It was a dizzy trip to London (as they all are, maybe); a disjointed evening, so that by the time we were in bed I felt like there had been several days between leaving and returning.
First we are late; then a few drinks at someone else’s expense. We move on to a party at the top of Centrepoint, only we are too late for the party and all that is left is the slop from spilled cocktails and a gathering of ultrahip young things, dancing as only the ultrahip can: without passion, without grace, without movement, almost. They are so cool, these young things, that I think they could kill us with their cool, if only they weren’t too cool to be bothered. They are so cool that they actually make me feel old, and frumpy. They are so cool, and so hip, that they do not even see us. We move through them and they part in beat to the techno music. There is so much cool in the air we can scarcely breath; we do not linger for a drink. We stand at the edge and look out over London.
The one good thing about this party is the view: and the city lit up, so that the stars in the sky seem to be below us, not above. Later we think maybe this view makes the entire misguided trip worth it. From up here it looks like the city runs all the way to the horizon and beyond. London loses its London-ness; it is a City, a gem of human endeavor. We are the only still things here.
Then we are walking on the street again. Towards a dingy underground private member’s club. It’s like descending into a speakeasy. On the stairs we are harassed by staff until it becomes clear that we are, in some way, affiliated with a member; then they are lovely and let us pass. Behind me, a lone drunk, tie askew, whispers, “Dunno what all the fuss is about. It’s just a bloody pub down there.” As we pass into the bar, he begs to be let in.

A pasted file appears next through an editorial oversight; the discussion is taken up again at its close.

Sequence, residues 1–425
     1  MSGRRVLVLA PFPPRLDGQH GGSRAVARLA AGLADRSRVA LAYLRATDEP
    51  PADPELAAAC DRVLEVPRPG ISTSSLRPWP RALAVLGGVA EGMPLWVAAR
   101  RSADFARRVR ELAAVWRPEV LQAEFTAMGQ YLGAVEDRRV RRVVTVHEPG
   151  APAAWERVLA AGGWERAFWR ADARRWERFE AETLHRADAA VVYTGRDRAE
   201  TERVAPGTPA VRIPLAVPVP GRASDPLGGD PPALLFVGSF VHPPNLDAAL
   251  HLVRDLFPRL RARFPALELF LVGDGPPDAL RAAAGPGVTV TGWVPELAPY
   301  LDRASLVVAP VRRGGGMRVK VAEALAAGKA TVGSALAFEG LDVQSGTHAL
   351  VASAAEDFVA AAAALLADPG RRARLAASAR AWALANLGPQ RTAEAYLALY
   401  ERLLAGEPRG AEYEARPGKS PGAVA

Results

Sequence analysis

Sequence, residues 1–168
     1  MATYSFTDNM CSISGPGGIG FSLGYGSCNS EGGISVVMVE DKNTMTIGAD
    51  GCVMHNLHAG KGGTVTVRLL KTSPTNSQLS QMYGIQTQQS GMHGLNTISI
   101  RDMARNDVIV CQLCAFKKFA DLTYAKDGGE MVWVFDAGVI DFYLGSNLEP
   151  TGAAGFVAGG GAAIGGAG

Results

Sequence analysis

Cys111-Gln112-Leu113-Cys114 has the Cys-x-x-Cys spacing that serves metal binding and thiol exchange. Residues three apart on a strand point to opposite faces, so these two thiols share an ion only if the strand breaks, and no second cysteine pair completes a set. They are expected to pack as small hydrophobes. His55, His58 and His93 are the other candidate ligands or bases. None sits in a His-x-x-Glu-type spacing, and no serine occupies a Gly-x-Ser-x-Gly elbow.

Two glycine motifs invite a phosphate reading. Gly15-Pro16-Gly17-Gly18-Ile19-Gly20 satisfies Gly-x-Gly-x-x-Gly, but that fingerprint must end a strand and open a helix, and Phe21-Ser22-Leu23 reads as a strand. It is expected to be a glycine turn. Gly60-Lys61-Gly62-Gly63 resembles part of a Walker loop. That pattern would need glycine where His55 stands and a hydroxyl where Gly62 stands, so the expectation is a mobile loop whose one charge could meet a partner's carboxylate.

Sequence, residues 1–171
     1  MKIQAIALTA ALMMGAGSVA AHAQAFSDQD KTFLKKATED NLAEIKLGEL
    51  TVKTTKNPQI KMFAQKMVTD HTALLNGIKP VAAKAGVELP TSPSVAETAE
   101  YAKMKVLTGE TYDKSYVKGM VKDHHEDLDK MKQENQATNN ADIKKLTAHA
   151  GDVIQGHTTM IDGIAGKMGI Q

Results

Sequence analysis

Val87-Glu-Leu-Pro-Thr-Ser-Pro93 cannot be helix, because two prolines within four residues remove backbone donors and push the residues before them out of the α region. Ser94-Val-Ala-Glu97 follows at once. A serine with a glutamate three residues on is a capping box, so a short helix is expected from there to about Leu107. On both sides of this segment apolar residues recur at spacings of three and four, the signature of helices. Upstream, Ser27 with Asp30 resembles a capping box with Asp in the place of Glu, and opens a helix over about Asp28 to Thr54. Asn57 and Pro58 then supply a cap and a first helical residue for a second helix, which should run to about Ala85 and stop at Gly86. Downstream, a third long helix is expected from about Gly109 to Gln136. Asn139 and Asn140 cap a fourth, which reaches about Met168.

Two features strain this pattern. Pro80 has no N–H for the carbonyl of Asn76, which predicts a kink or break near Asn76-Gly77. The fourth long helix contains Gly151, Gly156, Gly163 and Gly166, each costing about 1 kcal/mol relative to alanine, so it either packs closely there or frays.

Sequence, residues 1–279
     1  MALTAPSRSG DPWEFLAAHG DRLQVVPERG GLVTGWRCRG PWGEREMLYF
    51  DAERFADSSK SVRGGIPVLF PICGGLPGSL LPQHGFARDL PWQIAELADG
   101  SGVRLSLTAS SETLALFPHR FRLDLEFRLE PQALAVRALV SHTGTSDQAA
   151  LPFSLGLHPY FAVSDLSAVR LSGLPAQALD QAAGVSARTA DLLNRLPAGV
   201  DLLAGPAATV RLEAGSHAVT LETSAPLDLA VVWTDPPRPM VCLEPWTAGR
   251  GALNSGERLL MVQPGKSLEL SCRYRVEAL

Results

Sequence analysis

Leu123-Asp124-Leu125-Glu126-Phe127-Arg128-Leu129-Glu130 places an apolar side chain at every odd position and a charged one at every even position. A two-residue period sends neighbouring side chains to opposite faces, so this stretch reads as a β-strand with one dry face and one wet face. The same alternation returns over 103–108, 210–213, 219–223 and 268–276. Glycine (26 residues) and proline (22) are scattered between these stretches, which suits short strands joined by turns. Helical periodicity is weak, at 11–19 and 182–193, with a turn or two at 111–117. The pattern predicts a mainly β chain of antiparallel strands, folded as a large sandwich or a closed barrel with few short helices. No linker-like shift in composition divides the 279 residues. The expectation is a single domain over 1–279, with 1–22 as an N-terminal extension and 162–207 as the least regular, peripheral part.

The light inside is green. There is something of the tikki-bar about the place, and film posters on the wall, and lots of young actor-types. We are no longer in the realm of the ultrahip but now in the realm of the ultracamp. In the back, behind thick tapestry curtains, several anterooms stand like invitations to the illicit. The figures on the wall are often pornographic, but ironically so: large phallic flowers erect in a garden, silhouettes of busty Victorian ladies.
Back on the street. The half-light of late London. We buy chips and a pita wrap from a kebab shop and get on the wrong bus, from which we embark at the wrong stop. We stand in the rain in a posh (and therefore empty) square waiting for another bus; it is nearly December now, and cold, and we huddle together and collectively wish that we had not left the sanctuary of our own small city, where just a few hours ago (or was it days?) we were having a drink with a friend at an uncrowded pub, were just a few minutes walk from our house, our warm, quiet house.
We get off at the right stop. We still have miles to walk, it feels. We skirt Victoria station, trying to find our way. I bump shoulders accidentally with a woman walking very quickly; she turns back, snaps something at me. I snap something back. I do not often feel aggressive, particularly for such a transient reason, but suddenly I think I might feel violent if i don’t move on quickly.
We sleep on the way home. It is nearly five by the time we alight at St. Clements. As always, a hush over the streets; the drunks at home or asleep by now, the workers still yawning their way awake on the fringes of the city. As always, I need a pee, and we are just far enough from home, and it is just bitterly cold enough, that the walk seems impossible. But of course it isn’t; that’s just the night speaking, still.
At home we strip and climb under the duvet. I had been bitter about London before, at the bus stop; I had said, “Who was it who said that you could never be bored in London, or else you were bored with life? He was absolutely right; you can’t be bored in London. You also can’t be fucking happy.” Now I start to soften, as if the warmth from the house has smoothed my edges. I murmur that it wouldn’t be so bad if only we had somewhere to stay the night; or that it’s only the cold, and the rain. I say that maybe next time we’ll do it better; and weren’t all those hip young people funny? And he says how beautiful the city looked from that one clear point, how absolutely beautiful.